# Declarative interpretation of a Prolog program that says if a list S is a sublist of another list L

I am new in Prolog and I am studying it for an universitary exam, we use SWI Prolog

I have some problem to understand how work this simple program that say TRUE if a list S is a sublist of a list L, otherwise say that the predicate is FALSE.

I have the following solution but I have some problem to understand it's declarative meaning

Reading the book I think that I had have some idea but I am not sure about it...

This is the solution that use concatenation:

sublist(S,L) :- conc(L1, L2, L),
conc(S, L3, L2).

conc([],L,L).

conc([X|L1],L2,[X|L3]) :- conc(L1,L2,L3).


This solution use an other litle program that respond TRUE if the third list is the concatenation of the first and the second list.

To say if S i sublist of L have to be TRUE the following two conditions:

1. L have to be a list that is the concatenation of L1 and L2
2. L2 have to be a list that is the concatenation of S (my sublist if exist into L list) and another list L3

This is the book explaination but it is just a litle obsucre for me...

I have try to reasoning about it and try to understand what really deeply mean...

So I think that, in some way, it is like to search if an element is member of a list using this other program:

member2(X, [X|_]).

member2(X,[_|T]):- member2(X,T).


In this program I simply say that if X is the element in the top of the list (its head) then X is in the list and the program respond true. Otherwise, if X element is not in the top of the list (or it is not my solution) I try to search it it the TAIL T of this list.

Back to the sublist program I think that the reasoning is similar

First I decompose L list in two list L1 and L2 (using conc program)**

Then I check if it is true that the concatenation of S and L3 is the L2 list.

If booth these condition it is true then S is sublist of L

I think that the L1 list have a similar role of the X element that I extract from the list in the member program.

Since the sublist S can start at the beginning of the list L, L1 can be [] and I have that I can decompose L in the concatenation of L1=[] and L2 and the I can try to decompose L2 in S and L3.

If I can do this last decomposition then the program end and I can say that it is true that S is a sublist of the original list L

If it is not true that conc(S, L3, L2) then ddo backtrack and take an other branch of computation

Is it right my declarative interpretation?

I am finding great difficulties with this example, I have also try to find a procedural explaination (using the operation trace in the Prolog shell) but I have big problem because the computation it is so big also for a short list...

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Would you mind using a spell checker? – false Mar 25 '13 at 22:41

The book explanation is more declarative, because it doesn't invoke Prolog's search mechanism. I would probably write this with more underscores:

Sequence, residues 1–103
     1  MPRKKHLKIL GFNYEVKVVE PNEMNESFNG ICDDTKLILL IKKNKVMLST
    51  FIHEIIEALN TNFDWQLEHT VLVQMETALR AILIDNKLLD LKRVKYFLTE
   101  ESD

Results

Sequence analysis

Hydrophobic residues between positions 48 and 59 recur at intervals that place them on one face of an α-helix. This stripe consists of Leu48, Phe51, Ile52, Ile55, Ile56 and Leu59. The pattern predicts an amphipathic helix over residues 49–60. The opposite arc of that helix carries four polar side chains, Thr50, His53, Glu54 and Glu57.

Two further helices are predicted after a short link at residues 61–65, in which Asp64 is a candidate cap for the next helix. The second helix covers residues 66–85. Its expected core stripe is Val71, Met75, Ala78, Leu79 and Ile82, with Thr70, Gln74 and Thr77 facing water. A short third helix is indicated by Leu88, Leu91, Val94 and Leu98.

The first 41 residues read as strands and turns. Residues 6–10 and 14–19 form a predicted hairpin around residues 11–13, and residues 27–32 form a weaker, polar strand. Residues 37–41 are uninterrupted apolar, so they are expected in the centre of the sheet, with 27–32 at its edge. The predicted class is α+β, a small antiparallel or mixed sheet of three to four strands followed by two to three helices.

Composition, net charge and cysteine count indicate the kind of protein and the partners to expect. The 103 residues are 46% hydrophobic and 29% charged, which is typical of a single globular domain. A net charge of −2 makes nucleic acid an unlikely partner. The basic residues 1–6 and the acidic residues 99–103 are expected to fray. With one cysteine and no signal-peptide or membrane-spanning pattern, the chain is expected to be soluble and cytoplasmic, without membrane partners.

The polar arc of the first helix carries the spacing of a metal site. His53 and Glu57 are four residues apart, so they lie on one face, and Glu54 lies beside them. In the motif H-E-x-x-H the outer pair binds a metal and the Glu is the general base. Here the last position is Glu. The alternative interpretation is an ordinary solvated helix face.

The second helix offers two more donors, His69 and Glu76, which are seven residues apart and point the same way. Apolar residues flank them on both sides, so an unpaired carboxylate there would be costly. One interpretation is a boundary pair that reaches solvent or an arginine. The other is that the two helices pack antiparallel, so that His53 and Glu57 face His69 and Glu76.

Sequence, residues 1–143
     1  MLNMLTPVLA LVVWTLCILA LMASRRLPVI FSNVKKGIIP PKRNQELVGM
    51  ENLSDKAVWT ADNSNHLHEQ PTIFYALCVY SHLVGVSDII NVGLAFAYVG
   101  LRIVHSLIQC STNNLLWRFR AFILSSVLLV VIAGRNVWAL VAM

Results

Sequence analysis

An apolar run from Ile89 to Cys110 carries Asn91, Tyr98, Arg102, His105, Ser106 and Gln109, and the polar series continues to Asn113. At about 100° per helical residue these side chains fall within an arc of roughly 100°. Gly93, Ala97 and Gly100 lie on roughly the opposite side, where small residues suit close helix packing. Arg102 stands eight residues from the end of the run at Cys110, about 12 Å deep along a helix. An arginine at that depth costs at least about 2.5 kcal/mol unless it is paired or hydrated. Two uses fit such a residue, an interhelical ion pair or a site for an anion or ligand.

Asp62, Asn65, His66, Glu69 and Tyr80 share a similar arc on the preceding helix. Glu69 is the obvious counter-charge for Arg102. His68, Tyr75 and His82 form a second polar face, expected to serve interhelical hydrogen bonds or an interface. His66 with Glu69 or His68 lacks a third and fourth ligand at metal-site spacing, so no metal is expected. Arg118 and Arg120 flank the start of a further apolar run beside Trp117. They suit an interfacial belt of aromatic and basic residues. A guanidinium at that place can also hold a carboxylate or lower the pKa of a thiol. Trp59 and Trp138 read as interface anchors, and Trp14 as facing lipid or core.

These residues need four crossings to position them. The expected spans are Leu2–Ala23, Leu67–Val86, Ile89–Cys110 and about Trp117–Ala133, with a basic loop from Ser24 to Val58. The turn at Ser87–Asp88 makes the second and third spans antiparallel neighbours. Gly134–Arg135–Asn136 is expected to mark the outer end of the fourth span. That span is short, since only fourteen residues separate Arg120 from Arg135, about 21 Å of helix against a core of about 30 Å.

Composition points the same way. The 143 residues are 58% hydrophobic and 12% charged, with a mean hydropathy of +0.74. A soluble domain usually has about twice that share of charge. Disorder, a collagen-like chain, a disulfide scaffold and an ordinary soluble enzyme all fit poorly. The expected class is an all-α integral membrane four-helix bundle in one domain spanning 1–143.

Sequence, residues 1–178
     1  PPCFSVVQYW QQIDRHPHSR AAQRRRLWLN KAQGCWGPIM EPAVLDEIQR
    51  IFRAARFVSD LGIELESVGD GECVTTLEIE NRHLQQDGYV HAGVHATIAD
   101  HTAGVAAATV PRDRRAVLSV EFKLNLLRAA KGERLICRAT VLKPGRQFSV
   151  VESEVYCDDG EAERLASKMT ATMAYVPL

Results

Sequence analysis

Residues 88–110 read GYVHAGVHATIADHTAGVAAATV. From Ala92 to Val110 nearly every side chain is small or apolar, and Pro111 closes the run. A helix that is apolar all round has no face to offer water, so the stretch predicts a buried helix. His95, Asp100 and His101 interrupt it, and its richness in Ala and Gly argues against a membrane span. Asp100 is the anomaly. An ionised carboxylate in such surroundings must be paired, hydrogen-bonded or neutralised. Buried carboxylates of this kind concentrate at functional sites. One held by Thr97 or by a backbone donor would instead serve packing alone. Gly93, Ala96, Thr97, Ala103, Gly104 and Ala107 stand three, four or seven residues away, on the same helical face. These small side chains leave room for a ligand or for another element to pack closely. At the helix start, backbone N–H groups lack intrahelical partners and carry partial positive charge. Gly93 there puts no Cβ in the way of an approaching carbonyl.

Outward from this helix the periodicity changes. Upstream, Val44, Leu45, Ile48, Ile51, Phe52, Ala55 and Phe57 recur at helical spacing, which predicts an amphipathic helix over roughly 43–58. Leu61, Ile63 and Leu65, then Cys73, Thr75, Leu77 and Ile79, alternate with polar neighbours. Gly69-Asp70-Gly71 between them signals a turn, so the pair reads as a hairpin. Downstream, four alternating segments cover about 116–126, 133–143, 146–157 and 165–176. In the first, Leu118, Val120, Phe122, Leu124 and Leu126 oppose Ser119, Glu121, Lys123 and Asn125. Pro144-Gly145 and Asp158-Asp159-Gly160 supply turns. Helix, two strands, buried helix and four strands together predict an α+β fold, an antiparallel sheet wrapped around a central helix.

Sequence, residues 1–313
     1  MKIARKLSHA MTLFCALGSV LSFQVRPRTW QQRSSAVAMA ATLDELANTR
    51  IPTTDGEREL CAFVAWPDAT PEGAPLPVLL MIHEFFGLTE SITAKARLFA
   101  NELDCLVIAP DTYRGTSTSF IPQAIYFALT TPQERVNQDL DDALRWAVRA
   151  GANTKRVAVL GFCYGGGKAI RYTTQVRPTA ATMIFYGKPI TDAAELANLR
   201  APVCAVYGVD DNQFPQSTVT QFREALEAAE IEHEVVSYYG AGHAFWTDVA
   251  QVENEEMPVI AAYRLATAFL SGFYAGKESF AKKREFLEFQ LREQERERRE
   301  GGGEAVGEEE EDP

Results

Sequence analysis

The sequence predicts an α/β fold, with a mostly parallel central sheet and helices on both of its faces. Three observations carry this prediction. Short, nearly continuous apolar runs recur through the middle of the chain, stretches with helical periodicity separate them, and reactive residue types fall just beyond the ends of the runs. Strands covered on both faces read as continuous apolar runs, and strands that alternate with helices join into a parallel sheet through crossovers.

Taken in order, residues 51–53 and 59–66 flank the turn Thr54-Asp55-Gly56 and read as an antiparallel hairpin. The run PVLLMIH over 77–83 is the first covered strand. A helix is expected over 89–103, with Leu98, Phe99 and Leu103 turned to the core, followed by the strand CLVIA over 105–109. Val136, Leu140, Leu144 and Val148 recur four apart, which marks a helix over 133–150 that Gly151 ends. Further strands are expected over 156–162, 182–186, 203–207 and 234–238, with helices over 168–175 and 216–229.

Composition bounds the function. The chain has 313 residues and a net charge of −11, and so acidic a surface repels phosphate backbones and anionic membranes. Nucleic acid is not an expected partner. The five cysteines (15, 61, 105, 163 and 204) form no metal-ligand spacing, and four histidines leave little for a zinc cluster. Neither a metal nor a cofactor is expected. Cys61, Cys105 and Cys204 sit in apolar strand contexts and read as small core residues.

sublist(S, L) :- append(_, Suffix, L), append(S, _, Suffix).


This at least makes the relationship between S and L2 (renamed Suffix) a little more clear. What we're trying to say, and this is hard to express clearly in declarative English, is that S is a sublist of L if there is a suffix of L called Suffix and S is a prefix of Suffix. Naming the other constituents only adds confusion. Prolog will internally name these variables and unify something with them as it attempts to unify everything else, but it won't share that information with the caller. Though these variables need to exist in some sense, they aren't germane to your formula or they would not be singletons. Whenever you get a singleton variable warning, replace the variable with the underscore. It will add clarity.

It happens that since the prefixes and suffixes involved can be empty lists, S can be a proper prefix of L or a proper suffix of L and everything will work out.

The declarative reading of member/2, for reference, is X is a member of a list if X is the head of the list or if X is a member of the tail of the list. Note carefully what is absent: mention of checking, success or failure, or, really, any order of operations. It is equally declarative to say X is a member of a list if it is a member of the tail or if it is the head. It is just an unavoidable fact of life that to make a computer perform a calculation it must be done in a certain order, so you have to tell Prolog things in the right order or it will enter infinite loops, but this is not an aspect of logic, just Prolog.

As we've gone over several other times, when you invoke the machinery of Prolog, you are no longer in a declarative reading. So when you say, for instance "First I decompose..." you've already left the declarative world and entered the procedural world. The declarative world doesn't have steps, even though Prolog must do things in a certain order to perform a computation on a real-life computer. Likewise, in a declarative reading you do not check things, they simply are or are not. The word backtrack also cannot appear as part of a declarative reading. The only "verb" you should be using in a declarative reading is the verb of being, "is."